Pristina, Kosovo Report of what it's like to live there - 11/19/16
Personal Experiences from Pristina, Kosovo
1. Was this post your first expatriate experience? If not, what other cities have you lived in as an expat?
No. I have lived in Prague, Islamabad, Lagos, Damascus and Ljubljana.
2. What is your home city/country? How long is the trip to post from there, with what connections? How easy/difficult is it to travel to this city/country?
Austria. Flight connection is very good, Austrian Airlines operates daily flights. Bus connections take about 12 hours and are inexpensive. It's also possible to go home by own car; time depends on traffic and on waiting time at the borders, around 10 hours. If you go by road, better have an ID-Card, additionally to your passport; otherwise on the Serbian border, they will send you back, and you have to travel to Serbia via Macedonia, which will cost you additional time.
3. How long have you lived here?
More than one year.
4. What brought you to this city (e.g. diplomatic mission, business, NGO, teaching, retirement, etc.)?
Housing, Groceries & Food:
1. What is your housing like? What are typical housing sizes, locations, and commute times for expatriates?
We live in Dragodan/Arberia, in a three-bedroom flat with a terrace with a stunning view over Pristina, 4 floors, no elevator. It is close to my workplace, only 5 minutes walking time to the office. There are houses and flats available at any size and budget. Bigger families may find houses in a gated area like International Village to be more convenient.
2. How would you describe the availability and cost of groceries and household supplies relative to your home country?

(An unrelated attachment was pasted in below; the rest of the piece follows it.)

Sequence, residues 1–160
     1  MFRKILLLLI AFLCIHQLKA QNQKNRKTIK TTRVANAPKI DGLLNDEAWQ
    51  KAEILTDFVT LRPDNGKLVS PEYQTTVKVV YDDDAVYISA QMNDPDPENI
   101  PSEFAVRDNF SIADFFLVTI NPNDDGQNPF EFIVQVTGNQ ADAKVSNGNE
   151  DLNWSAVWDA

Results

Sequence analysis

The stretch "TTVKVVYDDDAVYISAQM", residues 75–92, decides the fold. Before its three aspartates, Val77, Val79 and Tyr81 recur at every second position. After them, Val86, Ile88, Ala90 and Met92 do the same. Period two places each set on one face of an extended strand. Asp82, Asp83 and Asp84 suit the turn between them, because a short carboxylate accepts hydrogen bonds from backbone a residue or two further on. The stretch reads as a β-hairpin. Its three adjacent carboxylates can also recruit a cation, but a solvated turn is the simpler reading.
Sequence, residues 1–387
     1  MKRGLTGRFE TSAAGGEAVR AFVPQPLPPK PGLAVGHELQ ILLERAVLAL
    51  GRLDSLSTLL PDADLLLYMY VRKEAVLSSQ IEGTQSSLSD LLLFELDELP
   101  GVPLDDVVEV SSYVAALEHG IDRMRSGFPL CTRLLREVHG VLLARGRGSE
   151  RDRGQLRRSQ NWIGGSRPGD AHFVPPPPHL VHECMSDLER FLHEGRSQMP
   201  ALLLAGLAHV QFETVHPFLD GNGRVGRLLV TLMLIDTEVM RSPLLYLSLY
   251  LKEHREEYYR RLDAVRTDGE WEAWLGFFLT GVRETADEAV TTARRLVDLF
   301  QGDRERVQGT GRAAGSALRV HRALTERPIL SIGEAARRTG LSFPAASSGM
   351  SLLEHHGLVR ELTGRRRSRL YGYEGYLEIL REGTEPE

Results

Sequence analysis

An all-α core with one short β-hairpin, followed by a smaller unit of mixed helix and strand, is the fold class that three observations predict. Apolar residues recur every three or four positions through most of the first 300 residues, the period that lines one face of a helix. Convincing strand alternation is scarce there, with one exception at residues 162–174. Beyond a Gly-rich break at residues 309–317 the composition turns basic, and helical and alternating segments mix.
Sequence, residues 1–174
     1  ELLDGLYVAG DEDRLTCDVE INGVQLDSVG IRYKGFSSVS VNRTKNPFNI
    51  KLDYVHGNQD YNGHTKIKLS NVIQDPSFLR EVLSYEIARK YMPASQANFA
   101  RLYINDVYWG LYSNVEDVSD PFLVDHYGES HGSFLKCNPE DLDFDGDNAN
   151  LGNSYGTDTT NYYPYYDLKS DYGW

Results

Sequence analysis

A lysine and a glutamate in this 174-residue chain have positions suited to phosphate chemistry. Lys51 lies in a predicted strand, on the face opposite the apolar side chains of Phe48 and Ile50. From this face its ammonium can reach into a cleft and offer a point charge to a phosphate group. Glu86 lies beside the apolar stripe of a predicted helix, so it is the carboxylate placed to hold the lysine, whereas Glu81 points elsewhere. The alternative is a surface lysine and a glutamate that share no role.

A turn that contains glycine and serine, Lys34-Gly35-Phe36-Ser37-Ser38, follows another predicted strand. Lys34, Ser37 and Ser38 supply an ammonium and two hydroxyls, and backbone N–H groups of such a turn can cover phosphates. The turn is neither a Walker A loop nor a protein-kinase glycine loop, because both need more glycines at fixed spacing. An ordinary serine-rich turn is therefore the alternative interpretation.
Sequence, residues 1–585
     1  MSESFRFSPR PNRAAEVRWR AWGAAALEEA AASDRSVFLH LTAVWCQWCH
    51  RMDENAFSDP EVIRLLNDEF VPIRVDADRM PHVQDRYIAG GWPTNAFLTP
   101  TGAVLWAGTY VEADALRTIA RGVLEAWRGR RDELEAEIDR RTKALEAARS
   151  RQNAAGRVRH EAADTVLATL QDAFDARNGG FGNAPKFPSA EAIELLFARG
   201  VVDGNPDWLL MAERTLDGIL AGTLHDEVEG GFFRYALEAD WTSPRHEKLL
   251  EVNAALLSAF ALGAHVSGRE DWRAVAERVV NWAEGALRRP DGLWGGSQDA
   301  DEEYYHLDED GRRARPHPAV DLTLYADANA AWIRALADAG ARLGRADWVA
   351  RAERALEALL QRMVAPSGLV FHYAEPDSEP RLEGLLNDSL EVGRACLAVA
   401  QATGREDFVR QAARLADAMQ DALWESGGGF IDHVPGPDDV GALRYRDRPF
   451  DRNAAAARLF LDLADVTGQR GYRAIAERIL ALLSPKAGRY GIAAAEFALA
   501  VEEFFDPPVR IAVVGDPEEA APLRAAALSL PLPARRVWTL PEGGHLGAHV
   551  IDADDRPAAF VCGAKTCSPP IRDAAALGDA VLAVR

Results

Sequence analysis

Most things are available, though you may not find the brand you are used to. Prices vary. Local products, seasonal fruits and vegetables are about 1/3 to 1/2 price of Western Europe. Meat (except chicken) is more expensive. Imported goods are more expensive. Whipping cream (made from milk, without sugar) is not available. Pork is available from butchers in Serbian communities (e.g. Gracanica). You will not find a choice of cheeses like white cheese, Kashkaval, Gouda, Emmental cheese, Parmesan; Mozzarella and blue cheese are more difficult to find. Soft cheeses, like Camembert, Brie,... are hard to find and only occasionally available. Balsamic vinegar is very sour; better bring your own. There is a limited range of spices.
3. What household or grocery items do you wish you had shipped to post?
Balsamic vinegar; durable cream for whipping, spices, specially Asian spices, coconut milk, freezing bags.
4. What typical restaurants, food delivery services, and/or takeout options are popular among expatriates?
Many. I especially like Liburnia restaurant, Gresa, Pinoccio, Detari (fish and sea food). But in more than one year, I never ate anything really bad.